You can tell Scapple was designed by a writer. It's a simple, sparse Mac app that's free of unneeded bells and whistles. Scapple comes to us from the team at Literature & Latte, the developers who are responsible for the popular Scrivener word-processing and writer's management app.
While Scrivener is bursting with nearly every feature a writer could need, Scapple is simply a note-jotting app -- but it still keeps writers satisfied. Many have called Scapple mind-mapping software, but by L&L's own admittance, it's not. Instead, they liken it to a freeform text editor or "virtual paper" that allows a user to make notes anywhere on the page -- just like a writer would with his notepad as he furiously scribbles down ideas.
The way Scapple works is you double-click anywhere on a document and start writing. This can be something simple like the name of a character, or something longer, like a chapter's opening paragraph. Or it can be a note that has to do with anything your mind can think of and needs to get down quickly. You can double-click to create as many new notes as you wish in a single document and you can drag them around to any position on the page. And if that's all you want to do, that's fine.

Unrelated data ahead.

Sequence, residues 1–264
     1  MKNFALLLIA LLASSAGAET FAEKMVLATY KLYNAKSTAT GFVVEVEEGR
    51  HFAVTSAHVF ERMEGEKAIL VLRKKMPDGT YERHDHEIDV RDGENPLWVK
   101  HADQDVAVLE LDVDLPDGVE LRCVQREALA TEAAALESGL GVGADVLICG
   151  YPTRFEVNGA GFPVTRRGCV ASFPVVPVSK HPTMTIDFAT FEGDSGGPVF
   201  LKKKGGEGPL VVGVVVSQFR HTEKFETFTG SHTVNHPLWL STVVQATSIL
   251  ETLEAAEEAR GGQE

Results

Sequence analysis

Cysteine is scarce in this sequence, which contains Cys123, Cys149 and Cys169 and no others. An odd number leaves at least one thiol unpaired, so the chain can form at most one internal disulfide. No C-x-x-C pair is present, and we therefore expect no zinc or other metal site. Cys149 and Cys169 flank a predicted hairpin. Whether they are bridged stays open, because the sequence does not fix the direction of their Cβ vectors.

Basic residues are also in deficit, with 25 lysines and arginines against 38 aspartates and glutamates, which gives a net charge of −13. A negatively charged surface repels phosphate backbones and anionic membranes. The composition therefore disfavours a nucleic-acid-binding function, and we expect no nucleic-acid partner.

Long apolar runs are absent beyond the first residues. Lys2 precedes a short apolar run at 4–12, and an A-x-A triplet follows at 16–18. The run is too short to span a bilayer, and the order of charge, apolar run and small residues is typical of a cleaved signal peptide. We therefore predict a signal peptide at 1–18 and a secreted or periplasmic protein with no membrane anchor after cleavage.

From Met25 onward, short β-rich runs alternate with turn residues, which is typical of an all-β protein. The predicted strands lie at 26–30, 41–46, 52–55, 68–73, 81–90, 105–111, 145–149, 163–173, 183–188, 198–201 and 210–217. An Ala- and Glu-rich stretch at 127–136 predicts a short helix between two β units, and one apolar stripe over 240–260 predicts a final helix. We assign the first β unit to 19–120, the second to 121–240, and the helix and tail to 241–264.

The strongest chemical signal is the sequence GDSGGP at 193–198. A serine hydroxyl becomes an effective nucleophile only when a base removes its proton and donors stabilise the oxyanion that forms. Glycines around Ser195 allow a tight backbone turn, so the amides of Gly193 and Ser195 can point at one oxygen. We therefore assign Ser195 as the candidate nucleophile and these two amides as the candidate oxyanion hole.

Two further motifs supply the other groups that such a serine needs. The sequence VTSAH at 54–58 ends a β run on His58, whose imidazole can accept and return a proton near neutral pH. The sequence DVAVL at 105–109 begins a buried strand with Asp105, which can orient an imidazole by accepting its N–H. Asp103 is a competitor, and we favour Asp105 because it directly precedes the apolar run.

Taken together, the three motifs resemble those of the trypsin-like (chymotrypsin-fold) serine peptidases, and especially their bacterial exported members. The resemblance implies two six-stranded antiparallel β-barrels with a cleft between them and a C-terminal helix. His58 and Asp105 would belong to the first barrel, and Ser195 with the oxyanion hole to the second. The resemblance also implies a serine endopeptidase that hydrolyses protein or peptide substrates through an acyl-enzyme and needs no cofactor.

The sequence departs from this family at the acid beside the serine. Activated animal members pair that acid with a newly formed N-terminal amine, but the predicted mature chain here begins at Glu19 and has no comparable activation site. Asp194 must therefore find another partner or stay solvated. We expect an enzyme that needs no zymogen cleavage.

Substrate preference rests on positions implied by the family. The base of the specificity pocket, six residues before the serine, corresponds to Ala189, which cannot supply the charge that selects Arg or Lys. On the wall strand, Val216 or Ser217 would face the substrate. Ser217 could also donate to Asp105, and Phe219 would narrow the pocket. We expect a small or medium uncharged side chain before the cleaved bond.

But you can also link different notes together with dashed or arrowed lines. You do this by dropping one note on top of the other. All your notes can be connected, or only one can, or none; it's your choice. Notes also aren't limited to text. You can also drag in images and other external text files to your Scrapple document. And as you would expect with a good note-taking app, there are plenty of formatting options that let you change the appearance of your notes and Scrapple documents. Scapple also offers a number of export options.
If you're a writer, I think Scapple will immediately appeal to you. If you're a mind-mapping power user, it probably won't. Either way, Literature & Latte offers a demo version so users can try before they buy. If you want the full version of Scapple it's available for only US$14.99. Currently you can only buy it through Literature & Latte's web store, but the company says they have submitted the app to Apple, so you'll be able to find it in the Mac App Store soon.